Ondansetron for Irritable Bowel Syndrome


A recent trial indicates that the antinausea medication ondansetron may have some utility in treating the symptoms of diarrhea-associated irritable bowel syndrome.

A recent trial indicates that the antinausea medication ondansetron may have some utility in treating the symptoms of diarrhea-associated irritable bowel syndrome.

Investigators at the University of Nottingham and associated hospitals in the United Kingdom found that ondansetron improved stool consistency and several markers of diarrhea-associated irritable bowel syndrome (IBS-D) symptoms compared with placebo.

In the trial, all patients had IBS-D as defined by the Rome III criteria. After a 2- to 3-week washout period in which patients did not take medication for IBS, investigators randomized 120 patients to each treatment group in an approximately 1:1 ratio. Patients then received 5 weeks of treatment with ondansetron or placebo and recorded bowel symptoms in a diary. Over the first 3 weeks, patients were instructed to increase the dose slowly to a maximum total daily dose of 24 mg (8 mg 3 times daily). Despite these instructions, the median dose of ondansetron used in the trial was 4 mg daily.

Regular use of ondansetron reduced defecation frequency, self-reported bowel urgency, and self-reported symptoms of bloating. Almost two-thirds of patients (65%) treated with ondansetron reported adequate relief of IBS symptoms compared with 14% of patients receiving placebo. Although investigators speculated that abdominal pain measures might improve with higher dosages of ondansetron, no significant improvement in self-reported abdominal pain scores was observed in the trial.

Ondansetron works by blocking a subtype of serotonin receptors associated with nausea (5-HT3). Blocking this serotonin receptor may also reduce the serotonergic signaling that induces symptoms of loose stool and bowel urgency in patients with IBS.

Although slowing colonic transit time may be therapeutic at low doses, large doses of ondansetron may lead to constipation. This adverse event occurred in 9% of patients taking ondansetron. Constipation was generally reversible with a dose reduction, although 2% of patients stopped taking ondansetron due to the adverse event.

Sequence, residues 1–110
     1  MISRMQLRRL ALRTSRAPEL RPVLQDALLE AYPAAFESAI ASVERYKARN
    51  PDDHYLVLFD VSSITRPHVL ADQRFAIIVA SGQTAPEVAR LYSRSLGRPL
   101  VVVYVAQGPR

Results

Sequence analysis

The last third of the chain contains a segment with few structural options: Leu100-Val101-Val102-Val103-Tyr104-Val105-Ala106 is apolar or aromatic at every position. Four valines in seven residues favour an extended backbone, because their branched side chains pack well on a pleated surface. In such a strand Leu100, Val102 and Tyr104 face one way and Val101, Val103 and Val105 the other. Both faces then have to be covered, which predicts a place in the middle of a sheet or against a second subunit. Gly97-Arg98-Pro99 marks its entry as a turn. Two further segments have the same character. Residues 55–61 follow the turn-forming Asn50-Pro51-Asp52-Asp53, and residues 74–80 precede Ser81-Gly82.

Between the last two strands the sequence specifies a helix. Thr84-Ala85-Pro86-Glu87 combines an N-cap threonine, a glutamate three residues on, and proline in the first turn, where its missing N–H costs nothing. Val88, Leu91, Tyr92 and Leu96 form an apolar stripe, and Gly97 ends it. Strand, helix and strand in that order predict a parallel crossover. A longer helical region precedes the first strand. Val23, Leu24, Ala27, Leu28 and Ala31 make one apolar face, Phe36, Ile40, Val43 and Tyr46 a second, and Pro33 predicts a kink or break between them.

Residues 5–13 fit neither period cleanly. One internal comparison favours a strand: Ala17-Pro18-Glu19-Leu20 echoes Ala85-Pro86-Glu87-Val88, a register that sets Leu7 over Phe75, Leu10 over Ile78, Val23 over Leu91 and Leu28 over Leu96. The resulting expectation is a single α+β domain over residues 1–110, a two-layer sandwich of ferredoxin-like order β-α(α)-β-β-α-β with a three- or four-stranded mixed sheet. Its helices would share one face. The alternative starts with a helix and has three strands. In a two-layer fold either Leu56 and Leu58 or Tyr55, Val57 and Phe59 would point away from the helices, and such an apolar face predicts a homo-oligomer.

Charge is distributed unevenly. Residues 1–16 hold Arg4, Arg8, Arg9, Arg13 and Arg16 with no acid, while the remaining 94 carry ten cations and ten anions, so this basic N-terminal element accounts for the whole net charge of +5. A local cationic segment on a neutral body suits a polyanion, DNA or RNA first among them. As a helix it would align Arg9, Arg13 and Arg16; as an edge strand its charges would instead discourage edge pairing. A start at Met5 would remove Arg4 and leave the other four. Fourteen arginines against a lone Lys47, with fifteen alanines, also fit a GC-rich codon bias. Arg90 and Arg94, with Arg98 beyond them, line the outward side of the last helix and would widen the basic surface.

It is important to note that, unlike the 5-HT3 antagonist Lotronex (alosetron), ondansetron does not have an FDA-approved indication for IBS. Alosetron was temporarily withdrawn, but later placed back on the market in 2002. In the United Kingdom, alosetron was withdrawn due to rare cases of ischemic colitis that occurred with a frequency of approximately 0.7 cases per 100,000 patient-years. In the United States, alosetron is still available, but the medication carries a black box warning for ischemic colitis, is distributed with a Risk Evaluation and Mitigation Strategy (REMS), and can only be used in women. The study by Garsed et al showed a benefit of ondansetron in a population of both men and women.

This small study is inadequate to prove the safety of ondansetron in patients with IBS, but researchers noted that, unlike alosetron, ondansetron has been used for over 25 years without a single report of ischemic colitis. Off-label use of ondansetron may offer some patients with IBS-D a lower-cost option with evidence of efficacy in symptom reduction at doses as low as 4 mg daily.

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